Rebalanced Right Into Dual Circulation By (Lack Of) Global Growth Prospects

The Federal Reserve is the current contender for taking the crown from the Japanese. Central bankers, in particular, are like hoarders; they never throw any policy idea away. It doesn’t matter how many times it fails, or how spectacularly. Japanese policymakers have stuck with QE for now double-digit attempts without anything to show for it.

Instead, whichever thing gets rebranded. It’s easy just to give it a different name and treat the public like morons: in 2013 an additional Q was appended to make it QQE, and then in 2016 three more letters were included, YCC, to add to it even more condescending disrespect. Or, as the Japanese have exemplified best, they change up some of its inconsequential details: buying ETF’s rather than JGB’s, as if activity in a different asset class will make a lick of difference from any act of buying.

The Fed over the last year has given Japan a run for its non-monetary money. There was last fall’s not-QE, a clever way of remarketing in true New York style. Then in 2020 all sorts of new assets being targeted for purchase, even though the end result of any and all purchase programs is still just bank reserves (as well as, more importantly to policymakers, glowing press reports on both purchases and the bank reserves they lead to).

Eurodollar University’s Making Sense; Episode 28 (Only 1 Part): Bank Reserves & Brent Johnson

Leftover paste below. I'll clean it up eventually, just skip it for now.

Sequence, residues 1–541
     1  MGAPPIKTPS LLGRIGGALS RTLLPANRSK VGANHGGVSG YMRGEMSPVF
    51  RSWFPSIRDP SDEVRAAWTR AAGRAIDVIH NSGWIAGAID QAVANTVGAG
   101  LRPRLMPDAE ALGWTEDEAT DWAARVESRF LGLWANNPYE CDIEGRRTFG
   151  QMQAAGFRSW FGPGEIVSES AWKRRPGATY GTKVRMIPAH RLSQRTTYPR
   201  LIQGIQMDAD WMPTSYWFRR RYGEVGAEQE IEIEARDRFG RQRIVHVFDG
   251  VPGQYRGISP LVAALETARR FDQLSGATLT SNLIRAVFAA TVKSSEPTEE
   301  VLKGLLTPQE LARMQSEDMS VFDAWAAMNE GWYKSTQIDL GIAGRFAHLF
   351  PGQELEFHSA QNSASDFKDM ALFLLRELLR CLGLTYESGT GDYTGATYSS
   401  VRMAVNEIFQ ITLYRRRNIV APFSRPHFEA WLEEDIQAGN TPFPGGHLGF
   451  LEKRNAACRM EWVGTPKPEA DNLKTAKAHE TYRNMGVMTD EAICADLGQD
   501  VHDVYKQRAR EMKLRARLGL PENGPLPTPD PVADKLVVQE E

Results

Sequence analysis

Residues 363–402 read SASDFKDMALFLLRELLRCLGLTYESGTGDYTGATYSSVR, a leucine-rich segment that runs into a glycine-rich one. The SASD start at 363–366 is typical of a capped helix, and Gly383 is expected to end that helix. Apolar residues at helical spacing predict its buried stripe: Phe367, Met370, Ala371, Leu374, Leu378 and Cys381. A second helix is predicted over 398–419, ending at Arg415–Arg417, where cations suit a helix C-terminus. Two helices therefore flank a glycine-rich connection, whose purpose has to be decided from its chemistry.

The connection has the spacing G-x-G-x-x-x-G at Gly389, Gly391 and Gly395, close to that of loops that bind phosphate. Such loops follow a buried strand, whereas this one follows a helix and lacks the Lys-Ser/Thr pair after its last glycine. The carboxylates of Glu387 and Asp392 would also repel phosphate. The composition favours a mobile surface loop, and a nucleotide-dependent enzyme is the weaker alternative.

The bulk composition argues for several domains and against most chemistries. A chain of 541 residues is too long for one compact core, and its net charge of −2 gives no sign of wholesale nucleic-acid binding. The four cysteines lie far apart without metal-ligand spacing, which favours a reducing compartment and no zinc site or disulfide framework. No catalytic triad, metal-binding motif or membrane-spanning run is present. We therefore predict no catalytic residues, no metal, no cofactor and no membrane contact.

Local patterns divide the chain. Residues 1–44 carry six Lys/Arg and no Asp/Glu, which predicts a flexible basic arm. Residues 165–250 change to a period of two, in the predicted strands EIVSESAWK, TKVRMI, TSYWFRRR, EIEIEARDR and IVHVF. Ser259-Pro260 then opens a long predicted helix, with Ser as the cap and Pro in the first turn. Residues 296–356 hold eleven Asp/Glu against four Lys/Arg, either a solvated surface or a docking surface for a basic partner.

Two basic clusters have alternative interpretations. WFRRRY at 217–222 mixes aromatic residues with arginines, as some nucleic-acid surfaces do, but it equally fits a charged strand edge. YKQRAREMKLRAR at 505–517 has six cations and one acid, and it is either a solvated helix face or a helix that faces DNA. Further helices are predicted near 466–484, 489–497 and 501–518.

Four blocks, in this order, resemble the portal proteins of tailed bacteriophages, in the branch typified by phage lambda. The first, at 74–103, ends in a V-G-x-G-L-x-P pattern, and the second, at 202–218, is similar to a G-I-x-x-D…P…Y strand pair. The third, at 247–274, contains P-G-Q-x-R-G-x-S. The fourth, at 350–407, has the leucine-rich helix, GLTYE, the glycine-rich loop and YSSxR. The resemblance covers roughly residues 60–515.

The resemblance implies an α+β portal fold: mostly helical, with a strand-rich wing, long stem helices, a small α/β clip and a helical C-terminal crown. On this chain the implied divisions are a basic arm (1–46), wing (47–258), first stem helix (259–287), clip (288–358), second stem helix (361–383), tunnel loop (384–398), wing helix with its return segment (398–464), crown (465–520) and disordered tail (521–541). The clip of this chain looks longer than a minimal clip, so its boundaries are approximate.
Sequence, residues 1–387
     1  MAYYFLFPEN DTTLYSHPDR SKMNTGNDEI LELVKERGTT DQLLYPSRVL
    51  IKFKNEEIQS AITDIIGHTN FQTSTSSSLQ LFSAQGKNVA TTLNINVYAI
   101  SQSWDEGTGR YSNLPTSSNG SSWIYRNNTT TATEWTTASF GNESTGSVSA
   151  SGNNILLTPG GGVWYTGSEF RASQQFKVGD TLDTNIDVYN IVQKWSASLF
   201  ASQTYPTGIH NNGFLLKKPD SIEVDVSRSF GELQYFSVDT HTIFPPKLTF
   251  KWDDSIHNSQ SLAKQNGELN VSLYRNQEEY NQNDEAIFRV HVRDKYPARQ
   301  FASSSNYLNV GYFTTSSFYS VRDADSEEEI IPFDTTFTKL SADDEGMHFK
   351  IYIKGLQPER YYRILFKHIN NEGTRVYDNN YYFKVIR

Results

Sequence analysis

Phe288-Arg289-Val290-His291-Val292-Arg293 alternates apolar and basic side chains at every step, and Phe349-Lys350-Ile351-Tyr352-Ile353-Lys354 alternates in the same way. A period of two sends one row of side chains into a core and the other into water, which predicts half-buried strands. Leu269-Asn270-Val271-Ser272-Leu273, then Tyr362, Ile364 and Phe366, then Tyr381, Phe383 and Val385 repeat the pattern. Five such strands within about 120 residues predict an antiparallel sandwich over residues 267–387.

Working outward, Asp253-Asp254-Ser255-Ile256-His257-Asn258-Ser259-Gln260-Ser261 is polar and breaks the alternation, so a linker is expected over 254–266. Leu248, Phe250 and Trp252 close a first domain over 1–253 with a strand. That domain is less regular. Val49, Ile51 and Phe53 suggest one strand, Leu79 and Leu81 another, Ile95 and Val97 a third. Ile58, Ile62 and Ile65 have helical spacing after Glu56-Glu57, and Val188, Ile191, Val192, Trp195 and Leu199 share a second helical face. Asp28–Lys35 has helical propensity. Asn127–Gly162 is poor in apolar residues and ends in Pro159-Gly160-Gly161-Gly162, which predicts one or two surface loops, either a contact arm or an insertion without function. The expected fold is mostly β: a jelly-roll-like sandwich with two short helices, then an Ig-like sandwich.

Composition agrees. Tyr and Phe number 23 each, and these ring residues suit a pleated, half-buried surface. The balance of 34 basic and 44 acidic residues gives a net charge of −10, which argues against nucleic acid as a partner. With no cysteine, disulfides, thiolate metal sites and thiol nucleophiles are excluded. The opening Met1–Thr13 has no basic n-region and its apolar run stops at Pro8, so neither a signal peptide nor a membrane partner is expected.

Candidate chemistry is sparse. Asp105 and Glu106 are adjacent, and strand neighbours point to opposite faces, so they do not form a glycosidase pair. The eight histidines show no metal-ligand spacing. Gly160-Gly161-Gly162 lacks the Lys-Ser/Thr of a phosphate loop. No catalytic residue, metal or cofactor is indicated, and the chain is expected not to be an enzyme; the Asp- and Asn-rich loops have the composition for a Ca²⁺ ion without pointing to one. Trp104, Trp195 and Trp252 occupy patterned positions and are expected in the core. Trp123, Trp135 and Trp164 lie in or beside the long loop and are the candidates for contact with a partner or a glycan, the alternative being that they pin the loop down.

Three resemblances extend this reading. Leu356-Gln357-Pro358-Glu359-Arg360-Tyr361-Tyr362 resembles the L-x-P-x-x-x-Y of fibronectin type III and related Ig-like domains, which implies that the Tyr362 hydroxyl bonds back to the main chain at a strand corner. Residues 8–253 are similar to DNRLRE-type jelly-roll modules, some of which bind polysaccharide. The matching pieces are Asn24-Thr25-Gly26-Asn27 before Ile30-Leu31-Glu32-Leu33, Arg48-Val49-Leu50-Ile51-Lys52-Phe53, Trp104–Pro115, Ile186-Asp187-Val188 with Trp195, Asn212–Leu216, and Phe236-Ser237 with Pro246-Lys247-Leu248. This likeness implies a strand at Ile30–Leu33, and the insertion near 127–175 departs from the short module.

There is now, apparently, a third entrant in the increasingly crowded field for insanity supremacy. Admitting failure is not something any global official entity appears capable of, so, as you should expect, there had to be a Communist entry into the race.

China’s economy slowed – “unexpectedly” – as Euro$ #2 erased any last potential for legitimate global recovery in the wake of the first global financial crisis (dollar shortage). Chinese fortunes were particularly susceptible since the system had been raised from its backward, simplistic agrarian basis through several decades of globalization almost exclusively (financed entirely by a favorable eurodollar system; or, as Western Economists struggled to explain it, “good luck”).

Not only had this vulnerability played the decisive role in Euro$ #3 singling out China and the rest of the EM’s for their monetary beatings, as usual confused policymakers (to which the West yields no monopoly) vowed to do something about it. What they came up with was called “rebalancing.”

No biggie, the Communists declared China would grow itself and in doing so getting the Western media to uncritically swallow the word. Instead of producing the world’s goods – because the world wasn’t demanding more goods from anyone – the Chinese would develop their own internal markets for modern services and the like.

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Disclosure: This material has been distributed for informational purposes only. It is the opinion of the author and should not be considered as investment advice or a recommendation of any ...

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